Since the inhabitants required sustenance just like they did before, everyone had to work in some endeavor to ensure that even simple things like food and water were still grown and harvested. Other labors were also required, including some highly advanced skills such as weather and waste, recycling, soil scientists and animal husbandry.

As time advanced and generations came and went, other skills were developed too, including entertainment industries. When the fighting broke out, even defense industries were begun, employing thousands upon thousands of the inhabitants, you could be employed as a soldier or border guard just as easily as you could be a farmer, everything was needed.

No one wanted to labor at anything though unless they received some sort of personal benefit for their efforts, and due to the nature of ship’s survival for the inhabitants, everyone had tasks that they were required to do. Early on, payment for these tasks was in the form of cooperative agreements; some labored at food production, while others labored at air manufacturing and quality and such like, and all shared in the benefits of what the others did.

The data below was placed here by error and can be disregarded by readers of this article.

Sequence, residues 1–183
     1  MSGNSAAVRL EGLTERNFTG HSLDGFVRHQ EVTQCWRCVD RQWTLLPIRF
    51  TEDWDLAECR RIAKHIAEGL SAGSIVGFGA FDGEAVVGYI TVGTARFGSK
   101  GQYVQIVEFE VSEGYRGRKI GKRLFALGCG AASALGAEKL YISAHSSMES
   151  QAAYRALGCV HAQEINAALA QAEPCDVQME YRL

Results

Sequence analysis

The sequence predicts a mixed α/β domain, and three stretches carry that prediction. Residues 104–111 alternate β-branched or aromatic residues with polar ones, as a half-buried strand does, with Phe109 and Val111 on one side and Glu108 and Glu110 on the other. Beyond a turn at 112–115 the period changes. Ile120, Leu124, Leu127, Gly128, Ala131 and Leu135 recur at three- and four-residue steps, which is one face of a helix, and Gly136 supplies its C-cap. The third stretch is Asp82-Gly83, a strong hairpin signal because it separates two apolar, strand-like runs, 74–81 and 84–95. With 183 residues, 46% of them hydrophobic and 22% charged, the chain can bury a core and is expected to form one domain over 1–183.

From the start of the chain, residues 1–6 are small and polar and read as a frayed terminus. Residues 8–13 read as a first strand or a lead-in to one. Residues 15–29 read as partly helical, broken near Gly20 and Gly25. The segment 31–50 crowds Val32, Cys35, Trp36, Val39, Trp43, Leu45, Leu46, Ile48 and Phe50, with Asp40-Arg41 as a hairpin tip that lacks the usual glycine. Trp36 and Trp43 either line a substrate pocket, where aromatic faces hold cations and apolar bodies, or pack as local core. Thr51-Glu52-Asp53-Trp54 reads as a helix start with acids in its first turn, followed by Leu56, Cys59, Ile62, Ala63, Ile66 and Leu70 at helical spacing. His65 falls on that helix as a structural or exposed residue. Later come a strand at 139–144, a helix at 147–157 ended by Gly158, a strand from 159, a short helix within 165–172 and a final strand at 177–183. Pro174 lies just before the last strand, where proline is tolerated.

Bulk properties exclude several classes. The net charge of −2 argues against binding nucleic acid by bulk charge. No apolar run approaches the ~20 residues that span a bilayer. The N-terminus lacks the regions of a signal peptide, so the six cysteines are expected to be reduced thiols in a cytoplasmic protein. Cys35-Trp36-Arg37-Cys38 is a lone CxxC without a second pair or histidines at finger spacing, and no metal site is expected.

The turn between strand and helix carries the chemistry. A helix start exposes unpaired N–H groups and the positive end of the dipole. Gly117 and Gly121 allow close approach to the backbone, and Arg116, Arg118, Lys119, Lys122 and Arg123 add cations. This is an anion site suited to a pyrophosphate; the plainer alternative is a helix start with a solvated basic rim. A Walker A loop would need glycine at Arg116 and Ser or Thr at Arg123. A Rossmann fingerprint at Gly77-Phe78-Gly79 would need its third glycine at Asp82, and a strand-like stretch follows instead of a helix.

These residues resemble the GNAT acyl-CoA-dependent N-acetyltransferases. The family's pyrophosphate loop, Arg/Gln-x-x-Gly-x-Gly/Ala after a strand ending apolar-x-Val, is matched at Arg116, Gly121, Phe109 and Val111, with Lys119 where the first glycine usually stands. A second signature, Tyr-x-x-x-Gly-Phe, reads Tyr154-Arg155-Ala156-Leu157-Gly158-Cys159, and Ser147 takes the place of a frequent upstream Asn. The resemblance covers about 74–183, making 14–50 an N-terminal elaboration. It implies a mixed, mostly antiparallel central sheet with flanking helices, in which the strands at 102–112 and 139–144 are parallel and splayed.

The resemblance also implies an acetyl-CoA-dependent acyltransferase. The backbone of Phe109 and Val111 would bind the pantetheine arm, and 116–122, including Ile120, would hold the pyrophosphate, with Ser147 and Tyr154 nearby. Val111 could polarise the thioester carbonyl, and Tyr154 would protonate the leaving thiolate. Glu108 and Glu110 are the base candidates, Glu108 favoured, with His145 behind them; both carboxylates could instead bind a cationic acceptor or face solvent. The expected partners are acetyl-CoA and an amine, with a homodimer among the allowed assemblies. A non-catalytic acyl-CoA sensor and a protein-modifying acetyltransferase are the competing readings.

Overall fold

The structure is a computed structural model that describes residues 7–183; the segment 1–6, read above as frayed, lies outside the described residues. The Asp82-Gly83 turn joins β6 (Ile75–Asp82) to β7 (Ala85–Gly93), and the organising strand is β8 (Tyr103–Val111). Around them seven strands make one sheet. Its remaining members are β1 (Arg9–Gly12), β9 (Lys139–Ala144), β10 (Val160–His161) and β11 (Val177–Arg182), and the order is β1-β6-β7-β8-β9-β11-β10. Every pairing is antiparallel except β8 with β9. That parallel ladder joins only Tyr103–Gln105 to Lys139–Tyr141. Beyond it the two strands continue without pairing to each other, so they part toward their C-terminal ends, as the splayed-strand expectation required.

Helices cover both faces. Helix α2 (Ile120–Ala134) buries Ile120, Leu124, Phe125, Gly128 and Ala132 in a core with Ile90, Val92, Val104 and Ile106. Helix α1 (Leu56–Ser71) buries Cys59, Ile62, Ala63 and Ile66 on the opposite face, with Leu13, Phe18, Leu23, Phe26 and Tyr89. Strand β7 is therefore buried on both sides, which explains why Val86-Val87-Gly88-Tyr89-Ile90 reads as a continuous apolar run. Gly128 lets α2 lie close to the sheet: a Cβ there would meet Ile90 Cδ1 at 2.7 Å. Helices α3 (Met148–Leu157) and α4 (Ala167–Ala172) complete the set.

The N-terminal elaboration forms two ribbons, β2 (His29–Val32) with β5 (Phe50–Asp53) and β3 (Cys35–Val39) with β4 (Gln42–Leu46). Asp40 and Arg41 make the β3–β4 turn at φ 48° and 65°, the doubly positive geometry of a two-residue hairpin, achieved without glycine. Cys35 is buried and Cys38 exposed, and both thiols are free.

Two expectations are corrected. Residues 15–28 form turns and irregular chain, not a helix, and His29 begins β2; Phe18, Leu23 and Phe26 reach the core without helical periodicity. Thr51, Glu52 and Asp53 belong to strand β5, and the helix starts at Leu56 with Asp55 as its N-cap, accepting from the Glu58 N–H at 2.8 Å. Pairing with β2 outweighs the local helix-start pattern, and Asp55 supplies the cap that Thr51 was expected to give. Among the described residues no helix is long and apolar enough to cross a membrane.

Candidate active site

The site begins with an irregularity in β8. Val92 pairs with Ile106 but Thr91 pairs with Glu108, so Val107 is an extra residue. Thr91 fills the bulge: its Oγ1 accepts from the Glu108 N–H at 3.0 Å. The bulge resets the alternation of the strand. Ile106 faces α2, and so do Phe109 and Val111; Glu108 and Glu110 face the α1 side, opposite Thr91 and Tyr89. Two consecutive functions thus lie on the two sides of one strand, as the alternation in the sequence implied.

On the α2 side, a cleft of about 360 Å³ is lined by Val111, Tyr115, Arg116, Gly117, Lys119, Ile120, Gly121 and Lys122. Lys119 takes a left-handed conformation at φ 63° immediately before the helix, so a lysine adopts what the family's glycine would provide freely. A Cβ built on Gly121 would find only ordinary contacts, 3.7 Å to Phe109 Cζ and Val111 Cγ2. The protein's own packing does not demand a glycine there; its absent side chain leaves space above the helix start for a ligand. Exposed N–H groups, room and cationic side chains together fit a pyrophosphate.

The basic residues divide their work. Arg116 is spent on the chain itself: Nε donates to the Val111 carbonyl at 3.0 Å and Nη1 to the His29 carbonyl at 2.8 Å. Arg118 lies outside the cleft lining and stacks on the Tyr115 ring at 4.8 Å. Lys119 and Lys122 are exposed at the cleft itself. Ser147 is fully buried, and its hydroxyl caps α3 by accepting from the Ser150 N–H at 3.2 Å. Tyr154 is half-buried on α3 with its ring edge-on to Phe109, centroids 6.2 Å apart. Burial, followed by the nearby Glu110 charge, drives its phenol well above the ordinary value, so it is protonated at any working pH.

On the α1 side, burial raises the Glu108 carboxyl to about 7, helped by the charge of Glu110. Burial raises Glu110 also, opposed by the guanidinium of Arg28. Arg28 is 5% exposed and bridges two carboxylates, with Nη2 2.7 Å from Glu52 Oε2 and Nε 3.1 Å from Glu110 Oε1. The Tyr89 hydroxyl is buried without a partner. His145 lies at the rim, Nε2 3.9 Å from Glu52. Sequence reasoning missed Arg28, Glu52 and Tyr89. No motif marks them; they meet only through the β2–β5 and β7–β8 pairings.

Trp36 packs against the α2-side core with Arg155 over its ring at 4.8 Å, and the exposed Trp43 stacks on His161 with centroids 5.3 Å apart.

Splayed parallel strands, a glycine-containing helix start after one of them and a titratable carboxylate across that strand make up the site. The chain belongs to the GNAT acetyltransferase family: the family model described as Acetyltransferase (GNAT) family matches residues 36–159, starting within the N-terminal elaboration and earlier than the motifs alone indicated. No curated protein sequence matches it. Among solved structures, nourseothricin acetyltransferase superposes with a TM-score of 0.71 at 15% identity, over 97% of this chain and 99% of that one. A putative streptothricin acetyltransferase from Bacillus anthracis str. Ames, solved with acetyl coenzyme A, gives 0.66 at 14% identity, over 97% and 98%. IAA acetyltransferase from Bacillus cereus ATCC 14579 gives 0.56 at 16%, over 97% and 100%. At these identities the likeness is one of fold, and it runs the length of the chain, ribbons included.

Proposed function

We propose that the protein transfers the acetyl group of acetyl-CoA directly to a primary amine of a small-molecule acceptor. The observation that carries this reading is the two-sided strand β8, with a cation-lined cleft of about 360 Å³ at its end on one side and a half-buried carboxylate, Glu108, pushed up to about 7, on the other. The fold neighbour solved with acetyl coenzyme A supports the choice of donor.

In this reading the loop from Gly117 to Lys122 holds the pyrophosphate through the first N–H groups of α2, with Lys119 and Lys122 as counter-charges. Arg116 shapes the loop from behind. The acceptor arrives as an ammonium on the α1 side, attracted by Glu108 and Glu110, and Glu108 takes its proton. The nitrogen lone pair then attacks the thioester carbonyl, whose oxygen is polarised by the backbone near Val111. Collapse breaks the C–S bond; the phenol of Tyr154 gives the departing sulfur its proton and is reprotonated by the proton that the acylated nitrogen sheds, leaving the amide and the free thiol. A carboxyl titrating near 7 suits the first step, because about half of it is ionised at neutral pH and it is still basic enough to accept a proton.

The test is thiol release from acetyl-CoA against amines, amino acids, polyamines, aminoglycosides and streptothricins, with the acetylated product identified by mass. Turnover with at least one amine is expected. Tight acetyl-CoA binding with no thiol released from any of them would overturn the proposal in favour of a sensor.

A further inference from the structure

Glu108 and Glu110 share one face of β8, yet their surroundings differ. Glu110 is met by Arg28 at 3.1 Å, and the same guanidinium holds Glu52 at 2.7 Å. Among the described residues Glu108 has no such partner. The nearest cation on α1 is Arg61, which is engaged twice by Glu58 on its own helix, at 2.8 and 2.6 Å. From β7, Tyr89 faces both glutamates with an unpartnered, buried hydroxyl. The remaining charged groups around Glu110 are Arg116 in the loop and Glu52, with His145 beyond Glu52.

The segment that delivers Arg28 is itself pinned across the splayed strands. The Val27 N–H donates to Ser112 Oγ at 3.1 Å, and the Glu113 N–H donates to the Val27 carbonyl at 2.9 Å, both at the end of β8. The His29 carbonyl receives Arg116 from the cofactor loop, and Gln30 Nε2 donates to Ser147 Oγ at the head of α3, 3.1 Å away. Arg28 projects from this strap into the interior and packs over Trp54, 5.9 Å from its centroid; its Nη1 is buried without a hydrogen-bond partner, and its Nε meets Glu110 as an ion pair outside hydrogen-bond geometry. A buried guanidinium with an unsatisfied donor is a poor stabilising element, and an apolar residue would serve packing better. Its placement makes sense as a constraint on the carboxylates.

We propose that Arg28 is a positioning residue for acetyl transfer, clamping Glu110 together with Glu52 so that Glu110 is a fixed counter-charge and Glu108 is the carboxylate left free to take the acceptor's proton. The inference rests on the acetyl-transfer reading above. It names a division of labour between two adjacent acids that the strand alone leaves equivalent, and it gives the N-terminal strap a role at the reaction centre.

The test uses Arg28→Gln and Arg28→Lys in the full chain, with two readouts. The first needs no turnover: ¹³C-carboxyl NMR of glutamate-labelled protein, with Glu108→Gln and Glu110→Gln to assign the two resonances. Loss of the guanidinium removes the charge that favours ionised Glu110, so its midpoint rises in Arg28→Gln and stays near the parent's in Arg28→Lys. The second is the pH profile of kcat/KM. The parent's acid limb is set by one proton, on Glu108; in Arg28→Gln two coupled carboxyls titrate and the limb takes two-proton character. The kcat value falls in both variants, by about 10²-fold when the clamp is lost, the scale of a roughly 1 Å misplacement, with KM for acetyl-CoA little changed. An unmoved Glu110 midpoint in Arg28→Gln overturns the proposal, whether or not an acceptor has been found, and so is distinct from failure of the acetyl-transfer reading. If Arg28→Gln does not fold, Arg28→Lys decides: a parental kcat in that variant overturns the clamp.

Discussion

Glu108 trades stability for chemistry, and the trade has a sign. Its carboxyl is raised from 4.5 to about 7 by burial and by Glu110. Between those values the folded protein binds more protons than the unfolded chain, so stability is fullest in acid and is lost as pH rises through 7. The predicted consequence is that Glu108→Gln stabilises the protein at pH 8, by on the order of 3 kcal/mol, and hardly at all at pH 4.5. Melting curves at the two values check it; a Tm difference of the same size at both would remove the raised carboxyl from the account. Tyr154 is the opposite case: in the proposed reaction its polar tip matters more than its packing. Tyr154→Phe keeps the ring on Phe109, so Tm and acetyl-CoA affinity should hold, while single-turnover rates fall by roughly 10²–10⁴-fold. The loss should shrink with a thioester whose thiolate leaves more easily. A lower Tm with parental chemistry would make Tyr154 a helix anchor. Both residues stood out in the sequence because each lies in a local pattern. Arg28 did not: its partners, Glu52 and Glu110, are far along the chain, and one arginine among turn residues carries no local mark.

But as the generations of time wore on, many of the inhabitants began to disagree on the fairness of this division. Some perceived this as being unfair to them, having to work harder or longer, while others saw the discrepancies as an opportunity to exploit the situation for personal gain.

This led to a stratification of society within the ship. The farmers were looked down upon because although essential, it was considered “hard labor”. The technologists were looked up upon, mostly because they were paid more and worked less. However, most of the technology was fairly automatic, just needing routine maintenance most of the time, and quite a bit of it could simple be ignored.

But even these automatic systems didn’t always function right, especially after they had been in use for thousands of years. They began to break down as toxic elements emitted by the ship’s activities created corrosion and pollution in the air, water and atmosphere. They also broke down and stopped working when the supply of raw resources began to run out and nothing could be replaced to fix them. Even recycling didn’t always help here.